If the Taoiseach Leo Varadkar and the Tánaiste Simon Coveney have about their persons an unassailable case for having directly-elected executive mayors of Cork City, Limerick, and Waterford, it has yet to be heard. Thus far, with only weeks to go before voters have their say on the proposal, there is something to be said for the suspicion, voiced in Cork by Fianna Fáil Cllr Terry Shannon, that the Government is making up its directly-elected mayor policy as it goes along.
Let’s kick off with the basics: the arguments demonstrating the need for change and the prospectus outlining the benefits for our communities. Has the Government tabled them? No. Its 46-page policy document (Directly Elected Mayors with Executive Functions: Detailed Policy Proposals, 20 March 2019) commences with what could be read as a competent summary of the principal case against the reform it is proposing. The proposal’s critics will be happy to see a part of the preamble published in full: “The benefits of a directly-elected mayor in Irish cities may be significant, if not necessarily quantifiable. However, the full consequences of introducing a directly-elected mayor with executive functions are not completely clear. Much could depend on the circumstances and context in which they work, and could also depend on the individual officeholders themselves. Internationally, some directly-elected mayors have been extremely successful in improving the life of their communities; some have gained additional powers for their office by virtue of their dynamism and democratic mandate. In some cases, however, directly-elected mayors have not demonstrated the value of the office; voters have, in some instances, chosen to abolish the office of directly-elected mayor.”
So, the rewards from an unquantifiable change the Government is so determined to bring about might be significant, which implies that they might be insignificant, and that is because, by the Government’s own admission, the consequences of having directly-elected mayors are not completely clear, which is normally business-speak for completely unclear. The Tánaiste says directly-elected mayors have worked “really well in other dynamic cities” across the European Union, but offers no examinable examples. Political and cultural traditions across the EU — and the US — vary.
The extent to which a city can be said to be dynamic, or apathetic, might have everything to do with its directly-elected mayor, or nothing whatsoever to do with the architecture of its local government. But what is it that Cork City, Limerick, and Waterford haven’t been able to achieve with their current government arrangements that would have been the work of a moment with directly-elected mayors?
Where, in Cork’s vision for its future, are the gaps that can be filled only by an executive mayor on a not ungenerous salary of €129,854? That’s roughly what a junior government minister gets and — perspective is always helpful —— just a little south of half the salary received by Germany’s chancellor. The Government’s benchmarking exercise has it, therefore, that running Cork, with its population of approximately 417,000, is equivalent roughly to half the task of governing a country with a population of 82.4m.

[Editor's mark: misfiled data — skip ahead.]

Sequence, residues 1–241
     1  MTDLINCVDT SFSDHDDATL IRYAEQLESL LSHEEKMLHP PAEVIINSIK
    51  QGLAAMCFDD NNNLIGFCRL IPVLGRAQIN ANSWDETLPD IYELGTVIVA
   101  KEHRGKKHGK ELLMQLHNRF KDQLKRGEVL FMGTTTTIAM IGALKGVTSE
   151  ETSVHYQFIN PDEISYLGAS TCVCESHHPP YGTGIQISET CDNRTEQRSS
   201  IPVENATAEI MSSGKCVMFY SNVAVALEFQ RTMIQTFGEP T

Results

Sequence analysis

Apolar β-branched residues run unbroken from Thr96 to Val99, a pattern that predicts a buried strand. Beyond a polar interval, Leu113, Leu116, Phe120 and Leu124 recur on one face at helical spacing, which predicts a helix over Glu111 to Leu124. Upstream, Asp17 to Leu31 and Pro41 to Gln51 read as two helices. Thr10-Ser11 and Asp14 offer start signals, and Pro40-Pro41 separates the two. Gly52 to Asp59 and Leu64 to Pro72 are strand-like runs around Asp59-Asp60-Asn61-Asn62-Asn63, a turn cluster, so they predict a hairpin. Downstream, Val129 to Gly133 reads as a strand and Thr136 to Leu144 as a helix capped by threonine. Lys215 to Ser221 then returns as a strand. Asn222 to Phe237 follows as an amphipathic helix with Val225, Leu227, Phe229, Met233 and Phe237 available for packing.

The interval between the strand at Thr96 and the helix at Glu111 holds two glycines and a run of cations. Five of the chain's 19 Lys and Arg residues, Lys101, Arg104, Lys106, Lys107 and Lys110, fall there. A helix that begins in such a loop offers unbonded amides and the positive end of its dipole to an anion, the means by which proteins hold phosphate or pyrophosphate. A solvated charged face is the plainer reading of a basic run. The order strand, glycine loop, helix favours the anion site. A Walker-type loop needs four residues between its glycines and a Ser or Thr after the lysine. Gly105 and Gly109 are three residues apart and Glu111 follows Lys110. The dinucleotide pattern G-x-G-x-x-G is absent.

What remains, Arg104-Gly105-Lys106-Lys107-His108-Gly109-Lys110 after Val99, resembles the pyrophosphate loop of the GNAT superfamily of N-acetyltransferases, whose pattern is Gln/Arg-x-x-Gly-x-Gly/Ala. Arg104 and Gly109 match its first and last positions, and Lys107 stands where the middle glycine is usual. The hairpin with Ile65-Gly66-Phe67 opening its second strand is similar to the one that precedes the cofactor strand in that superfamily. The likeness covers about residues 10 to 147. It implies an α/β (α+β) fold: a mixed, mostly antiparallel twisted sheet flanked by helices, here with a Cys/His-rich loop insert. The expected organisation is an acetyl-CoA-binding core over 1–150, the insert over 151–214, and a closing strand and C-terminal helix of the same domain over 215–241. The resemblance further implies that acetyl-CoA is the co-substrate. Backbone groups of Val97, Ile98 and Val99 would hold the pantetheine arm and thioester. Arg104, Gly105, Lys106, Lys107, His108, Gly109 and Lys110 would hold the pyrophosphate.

Added to the salary, of course, must be the cost of two advisers, pensions, and travel expenses, as the mayor and his aides flit around the Dublin-Brussels-Strasbourg-Berlin-Davos conference circuit. Voters have been told that while the precise total bill is as yet unknown, the additional costs of the office could range from €313,000 to €450,000 a year, lifting the full cost of a five-year term to close to €2.25m. A sizeable chunk of that bill would be paid by Cork City Council. What will taxpayers get in return? Answers come there none. The ‘other dynamic cities have them’ line is back-of-the-fag-packet waffle.
Mr Coveney has, wisely, not overmuch cited England’s experiments with directly-elected mayors, which have, in the main, been fruitless attempts to devolve power to English cities and regions, where mayors are typically undistinguished party placemen, politicians driven by ego and ambition, and clowns. Hartlepool’s first, and only, directly-elected, €58,000-a-year mayor — who campaigned, “for a laugh”, as a monkey — served three terms. Nice work if you can get it, and a man dressed as a monkey got it. His career was closed down by voters, who, in a referendum, chose to terminate the post and revert to the system under which their council was run chiefly by councillors, who, lest it not be forgotten, are also directly-elected. An overlooked downside of the directly-elected executive mayor is that the office reduces the influence and accountability of local councillors. While Aodh Quinlivan, of the Department of Government at UCC, supports the proposed change, he cautions that a direct-mayoral election can “descend into a celebrity contest”.
Voters have been urged by Mr Coveney not to focus on the costs, but to think about the bigger picture of local government reform. Given this Government’s generally dismissive responses to pay demands by public sector workers who make essential and quantifiable contributions to society, it isn’t difficult, however, to imagine how it would reply to a proposal, by rival parties, that would involve keeping, at the public’s expense, yet more full-time politicians in the style to which they felt was their due. This is a proposal that moves the exercise of power in local government from the collegiate to the personal: Cork, Limerick and Waterford have nothing to lose by rejecting it.